Title: The Architecture of Saskatchewan: A Visual Journey
Author: Bernard Flaman
Publisher: CPRC Press
Ordinarily we think of the landscape of the Great Plains as the natural landscape—the rolling plains, the streams, the grass, and the cottonwoods. But for those who live in towns, large and small, the built landscape is the one we actually are most familiar with because we live in it. Bernard Flaman, the author of the winner of this year’s Great Plains Book Prize, The Architecture of Saskatchewan, makes the familiar built landscape of the Great Plains seem unfamiliar by giving it the deeper dimension of history and context.
This is a beautiful book. The cover image shows a dramatic triangular building at twilight; the light from within highlights the slim vertical supports spaced regularly across the front; only midway through the volume do we learn that this striking building is a heating and cooling plant. But by then we already know that Flaman is not just interested in the usual suspects of architectural histories—the grand government and business buildings, the churches, and the homes of the wealthy. This book shows us a wide variety of buildings, many of which we might not have associated with “Architecture” as an art. Flaman includes gas stations, radio transmitter buildings, Quonset huts, parking garages, and utility buildings (including at least one public restroom), mass-produced wartime housing, park buildings, and information kiosks, and shows us the beauty, or at least the reasons for their forms.
The hundreds of photographs, both in color and black-and-white, show buildings in a variety of lights and seasons; all are clear, and many of them are beautiful in themselves: In addition to the cover image, I was particularly drawn to one of the Wanuskewin Heritage Park Interpretive Centre (1992) in winter, with ice coating the prairie grasses and shrubs. But Flaman is not making just a pretty picture book. He includes archival photos to show the original context of a building, or to show demolished buildings, as well as architects’ drawings to show the original vision; he often goes on to show interiors, the details of materials, or decorative elements from sculpture to air vents.
The quality of the images is such that it wasn’t until I got around to reading the fine print of the copyright page that I learned that the entire book had been printed and bound in Canada, on 100 percent post-consumer recycled paper, with vegetable-based inks. Not just a pretty picture book.
The text really illuminates the images and places them in their contexts. A brief introduction gives an overview of architectural trends from the early twentieth century to the present; the book takes 1930 as a starting point because an earlier volume, Historic Architecture of Saskatchewan (1986) had traced the province’s architectural history to that date. However, earlier buildings are shown to give the context out of which the Modernist and Streamlined Moderne (particularly recognizable by its rounded corners) styles arose.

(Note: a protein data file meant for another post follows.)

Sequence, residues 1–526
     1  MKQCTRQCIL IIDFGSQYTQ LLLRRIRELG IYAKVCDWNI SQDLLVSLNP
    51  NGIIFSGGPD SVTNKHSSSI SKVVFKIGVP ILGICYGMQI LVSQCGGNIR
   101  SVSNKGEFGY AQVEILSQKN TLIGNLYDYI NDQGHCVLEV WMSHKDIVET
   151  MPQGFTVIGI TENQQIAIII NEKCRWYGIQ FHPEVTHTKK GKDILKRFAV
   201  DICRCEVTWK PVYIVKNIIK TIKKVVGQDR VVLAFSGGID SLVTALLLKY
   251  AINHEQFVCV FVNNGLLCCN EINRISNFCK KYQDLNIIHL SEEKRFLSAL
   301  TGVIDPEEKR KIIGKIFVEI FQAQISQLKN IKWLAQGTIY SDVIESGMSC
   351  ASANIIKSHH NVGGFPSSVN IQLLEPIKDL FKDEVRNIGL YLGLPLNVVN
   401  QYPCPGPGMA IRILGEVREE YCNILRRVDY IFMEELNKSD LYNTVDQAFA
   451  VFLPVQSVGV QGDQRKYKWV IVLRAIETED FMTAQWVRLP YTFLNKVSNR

The five chapters of the book, each covering one or two decades, begin with brief overviews of the historical context of each period—not just the architectural, although the influences of revivalist styles, art deco, the Bauhaus school, and modernists are discussed, and the ways in which the architects of Saskatchewan adapted them. Flaman also shows the cultural, economic, and political influences that affect the buildings—from the early reliance on the traditional styles of the culturally dominant eastern part of the country to his period’s conscious decision to develop a style that would reflect the needs and aspirations of the people of the prairie. He traces the influence of politics as one administration undertakes ambitious building projects and another cuts back, and yet another undertakes preservation of the built heritage. (Flaman has worked with UNESCO’s World Heritage site committee to develop policies to preserve modernist buildings.)
Moreover, Flaman’s captions are consistently helpful; they don’t just identify the building and architect, they highlight the building’s notable features, history, or influences, showing what is distinctive as well as what is typical of the style of each. Flaman’s sense of humor surfaces too: He notes that the distinctive profile of the Moose Jaw Civic Center, “possibly the only hockey arena to receive a Massey Award for Architecture … earned it the nickname ‘the crushed can.’” (You must look at the picture to see why.) Unusual engineering details are included too: the ninety-foot double-curving roof of a Saskatoon church, which looks like a flying wing, has no internal supports, and “is supported at two points that are reinforced by a post-tensioned tie beam that runs below the floor.” Even a nonengineer like me can recognize that that is unusual—and the pictures are amazing. Flaman also notes how some buildings are using sustainable technologies
Although many of the structures, such as the hockey arena and the Saskatoon church, are unique to Saskatchewan, most of them share styles and features with buildings throughout the Great Plains and beyond. Flaman’s text enables those of us living in the region to look at the buildings around us with a new understanding. We will recognize the same styles and trends, as we have all been shaped by similar landscapes and cultural influences, influences which we will understand better after reading and looking at this book. Our understanding of our own built landscapes will be deeper as a result.
We can learn even more: Flaman will be speaking not only about the production of the book but about the future of architecture on the Great Plains in a lecture on October 22, 2014, at 3:30 at the Great Plains Center, 1155 Q Street, in Lincoln. The talk is free and open to the public, and promises to be a fine opportunity to take our new understanding of the history of our environment even further, into the future.